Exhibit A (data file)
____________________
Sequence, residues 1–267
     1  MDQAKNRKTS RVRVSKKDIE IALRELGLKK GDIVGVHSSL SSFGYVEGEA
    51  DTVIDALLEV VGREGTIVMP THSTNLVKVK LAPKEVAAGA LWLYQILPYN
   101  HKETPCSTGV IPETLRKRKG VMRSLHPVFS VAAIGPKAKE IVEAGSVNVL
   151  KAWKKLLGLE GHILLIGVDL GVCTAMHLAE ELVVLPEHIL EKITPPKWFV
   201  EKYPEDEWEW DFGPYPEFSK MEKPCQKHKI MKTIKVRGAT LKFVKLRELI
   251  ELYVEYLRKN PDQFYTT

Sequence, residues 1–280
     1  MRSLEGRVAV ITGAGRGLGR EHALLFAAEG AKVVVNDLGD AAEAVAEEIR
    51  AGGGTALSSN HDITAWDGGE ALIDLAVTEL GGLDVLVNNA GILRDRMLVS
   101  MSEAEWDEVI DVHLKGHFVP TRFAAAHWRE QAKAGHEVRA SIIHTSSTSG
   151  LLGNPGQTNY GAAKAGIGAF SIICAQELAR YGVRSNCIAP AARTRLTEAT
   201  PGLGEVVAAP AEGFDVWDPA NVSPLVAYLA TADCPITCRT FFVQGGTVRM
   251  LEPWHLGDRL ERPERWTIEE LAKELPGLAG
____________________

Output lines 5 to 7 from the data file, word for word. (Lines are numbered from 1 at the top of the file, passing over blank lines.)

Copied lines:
   151  KAWKKLLGLE GHILLIGVDL GVCTAMHLAE ELVVLPEHIL EKITPPKWFV
   201  EKYPEDEWEW DFGPYPEFSK MEKPCQKHKI MKTIKVRGAT LKFVKLRELI
   251  ELYVEYLRKN PDQFYTT